Pani Marysia née Dac Jaśkiewicz was a Pole typical of her time. Deeply religious, generous, stubborn, single-minded on many topics, she exuded the kind of Polish hospitality that she should have grown up with.
The St Mary of the Immaculate Conception church in Avondale was packed on 15 June. People nodded, smiled, and shed tears with her family and the priest, Pa Peter Tipine, whom Pani Marysia had known all his life, as they recalled tributes and reminiscences of a life heavily intertwined with the church. This was where she married Franciszek Jaśkiewicz in 1961, where her children Kazik, Marysia, Basia, and Krysia were baptised, where her daughters were married, where she sat for Franciszek’s funeral in 1994, and where there was not a priest nor an altar boy or girl who had not worn something she had sewn.
Pani Marysia was the local doyenne of sewing. She made her own wedding dress, and those of her four bridesmaids and, besides her daughters, did the same for countless others. At the funeral, one of her granddaughters wore one of the Polish embroidered national costumes that she had created. The last time I visited her, I saw several badly frayed red school jerseys on her kitchen counter. Basia, a school teacher, had brought them to her for repair. To me, they looked beyond help; to Pani Marysia, it was a fiddly job, and she did it. While she was conscious, her hands never stopped.
The recessional song at her funeral was Góralu, ci czy nie żal? The English translation of the song’s name, Highlander, do you not feel grief/ sorrow/ regret/ desolation/ woe? is as complicated as the feelings of anyone forced from their home, as Pani Marysia was as a young girl. It took me back to my own 1960s childhood and Polish gatherings when, late into the evenings, the men would stand and sway and sing the mournful melody. (Anyone hearing it at a faster tempo is not doing it justice.) I did not know that it was one of Pani Marysia’s favourite Polish folksongs, so old that there are disputes about its musical origins, but that she interpreted as leaving her heart in Poland.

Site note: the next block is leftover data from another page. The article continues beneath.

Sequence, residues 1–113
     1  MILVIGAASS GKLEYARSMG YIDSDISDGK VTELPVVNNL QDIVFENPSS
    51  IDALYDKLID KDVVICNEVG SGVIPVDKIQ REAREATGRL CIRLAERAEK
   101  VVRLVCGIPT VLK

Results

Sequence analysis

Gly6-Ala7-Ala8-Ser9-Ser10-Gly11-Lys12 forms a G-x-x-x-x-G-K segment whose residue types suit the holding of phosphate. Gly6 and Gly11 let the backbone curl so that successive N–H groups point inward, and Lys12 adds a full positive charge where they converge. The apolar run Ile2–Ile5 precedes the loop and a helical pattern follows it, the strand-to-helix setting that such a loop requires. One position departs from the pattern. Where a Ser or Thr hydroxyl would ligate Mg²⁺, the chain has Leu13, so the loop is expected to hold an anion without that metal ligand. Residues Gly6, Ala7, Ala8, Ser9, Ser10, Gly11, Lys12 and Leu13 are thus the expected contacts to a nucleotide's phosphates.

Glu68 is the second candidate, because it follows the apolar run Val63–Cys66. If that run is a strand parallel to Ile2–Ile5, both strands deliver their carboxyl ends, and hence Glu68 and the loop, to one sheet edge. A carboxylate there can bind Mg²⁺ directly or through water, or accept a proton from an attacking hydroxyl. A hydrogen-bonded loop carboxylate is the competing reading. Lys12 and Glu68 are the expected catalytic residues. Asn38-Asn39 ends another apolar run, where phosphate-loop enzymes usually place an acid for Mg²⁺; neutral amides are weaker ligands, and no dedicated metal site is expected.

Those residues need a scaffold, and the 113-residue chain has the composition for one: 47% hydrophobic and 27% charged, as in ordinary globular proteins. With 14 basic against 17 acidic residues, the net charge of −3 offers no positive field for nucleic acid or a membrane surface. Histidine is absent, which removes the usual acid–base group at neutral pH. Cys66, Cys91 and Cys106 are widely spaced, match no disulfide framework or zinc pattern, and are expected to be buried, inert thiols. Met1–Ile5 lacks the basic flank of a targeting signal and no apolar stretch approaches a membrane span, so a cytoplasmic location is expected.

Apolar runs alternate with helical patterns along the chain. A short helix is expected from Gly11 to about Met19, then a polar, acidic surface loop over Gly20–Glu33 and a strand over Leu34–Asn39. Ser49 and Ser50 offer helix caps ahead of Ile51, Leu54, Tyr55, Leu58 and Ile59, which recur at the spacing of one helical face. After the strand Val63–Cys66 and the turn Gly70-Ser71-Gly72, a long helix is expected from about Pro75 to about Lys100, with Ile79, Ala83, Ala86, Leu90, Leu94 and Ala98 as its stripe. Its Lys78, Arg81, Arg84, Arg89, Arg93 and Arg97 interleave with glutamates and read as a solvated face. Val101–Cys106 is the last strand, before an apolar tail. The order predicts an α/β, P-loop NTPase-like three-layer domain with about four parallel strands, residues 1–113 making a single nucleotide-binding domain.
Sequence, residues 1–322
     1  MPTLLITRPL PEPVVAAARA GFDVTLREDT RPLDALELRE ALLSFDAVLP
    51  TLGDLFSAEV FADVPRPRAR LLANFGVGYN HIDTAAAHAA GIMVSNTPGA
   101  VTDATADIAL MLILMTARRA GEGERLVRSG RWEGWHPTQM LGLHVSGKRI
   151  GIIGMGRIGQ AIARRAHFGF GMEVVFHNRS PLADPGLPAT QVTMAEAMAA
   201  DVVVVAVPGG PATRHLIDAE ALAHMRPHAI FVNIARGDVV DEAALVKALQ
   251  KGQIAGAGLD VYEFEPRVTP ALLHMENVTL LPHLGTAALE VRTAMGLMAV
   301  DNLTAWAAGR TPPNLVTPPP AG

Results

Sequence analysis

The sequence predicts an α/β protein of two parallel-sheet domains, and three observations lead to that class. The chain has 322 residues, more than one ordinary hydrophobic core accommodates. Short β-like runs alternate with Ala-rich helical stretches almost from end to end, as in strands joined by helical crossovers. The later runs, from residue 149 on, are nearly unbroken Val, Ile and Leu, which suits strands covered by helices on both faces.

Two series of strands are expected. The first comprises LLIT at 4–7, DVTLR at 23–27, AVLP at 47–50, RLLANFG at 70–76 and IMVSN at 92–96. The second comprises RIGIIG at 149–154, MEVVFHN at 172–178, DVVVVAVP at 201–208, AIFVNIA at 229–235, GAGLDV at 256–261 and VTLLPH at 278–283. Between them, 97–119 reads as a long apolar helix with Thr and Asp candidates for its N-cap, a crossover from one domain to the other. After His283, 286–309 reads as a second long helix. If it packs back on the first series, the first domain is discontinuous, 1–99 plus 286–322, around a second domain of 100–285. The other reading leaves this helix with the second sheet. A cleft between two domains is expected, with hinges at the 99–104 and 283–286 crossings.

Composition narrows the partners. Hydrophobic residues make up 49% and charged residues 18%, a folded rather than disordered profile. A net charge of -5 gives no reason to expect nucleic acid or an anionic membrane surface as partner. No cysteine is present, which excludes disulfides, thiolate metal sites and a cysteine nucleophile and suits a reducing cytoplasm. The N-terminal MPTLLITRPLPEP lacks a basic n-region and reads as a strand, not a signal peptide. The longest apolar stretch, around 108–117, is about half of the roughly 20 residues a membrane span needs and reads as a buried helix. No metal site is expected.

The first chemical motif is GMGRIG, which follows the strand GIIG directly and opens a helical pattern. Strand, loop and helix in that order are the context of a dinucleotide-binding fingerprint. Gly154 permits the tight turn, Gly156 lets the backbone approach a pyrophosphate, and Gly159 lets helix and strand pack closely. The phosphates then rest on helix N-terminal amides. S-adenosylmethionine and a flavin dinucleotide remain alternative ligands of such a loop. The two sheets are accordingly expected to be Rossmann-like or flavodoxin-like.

Apparently the author, poet Michał Bałucki, was imprisoned in Kraków in 1863 with a highlander farmer who had been arrested when crossing the border between Russian- and Austrian-partitioned Poland. Because he happened to be carrying the implements of his trade, a pitchfork and a shovel, he was accused of being an insurgent. The man’s grief at not being able to get back to his hills stayed with the poet.
I first met Pani Marysia in 2013, at the entrance to the Dom Polski in Morningside. Although I had immigrated to New Zealand 15 years earlier, it had not occurred to me before I started researching my family and became involved in this website, that there may be a proper Polish organisation here. I found out that the Auckland Polish Association was holding its annual general meeting. What better way to assess people?
Walking into a roomful of strangers is always intimidating, and I was grateful that this bird-like woman came up to me and started chatting with—probably interrogating—an unknown visitor. Whatever it was, I appreciated it, because no one else was as friendly.
I grew to understand Pani Marysia through interviewing her in 2016. She insisted in speaking Polish, despite my telling her that I was not fluent, but it was as if she needed to be within her Polish self to recall the horrors of her childhood after Soviet soldiers barged into their home in Przemysł one early morning in February 1940, and told the family to pack and dress warmly because they were they were “going to Siberia for a vacation.”
Her father was shot in the forest near the forced-labour facility where they were imprisoned for nearly two years. Her mother died soon after getting Marysia and her older brother and sister to Kazakhstan.
With their parents dead, three Dac siblings roamed the streets looking for food. She was small enough to climb under a fence in a vegetable garden to steal what she could, and was almost shot by guards on horseback patrolling with dogs. Another time, the older ones left her playing with other children and she came so close to remaining in the village after a Russian girl decided to take her home. Weeks later, her brother heard her name being called, and retrieved her.
One of the youngest of the 733 Polish children who arrived in Wellington in November 1944, Pani Marysia loved her five years at the Polish children’s camp in Pahiatua. It gave her back some of what she had lost, and she absorbed the Polish traditions.
I am so glad that our Auckland Polish Association, instigated by Eva Sherer, made a special presentation to Pani Marysia at our annual general meeting on 29 May. She did seem tiny and more frail than usual when I hugged her goodbye, but I fully expected her to live much longer, despite her regular stays at Auckland City Hospital.
I am not sure what it will be like without our long phone calls that I found out recently were typically Polish: A good amount of complaining about whatever it was in the beginning, the reason for the call in the middle, and a good amount of saying goodbye at the end.
Rest in Peace, my friend. I will miss you.
For a fuller story on Pani Marysia, go to https://polishhistorynewzealand.org/marysia-dac-jaskiewicz/
If you would like to comment on this post, or any other story, please email firstname.lastname@example.org/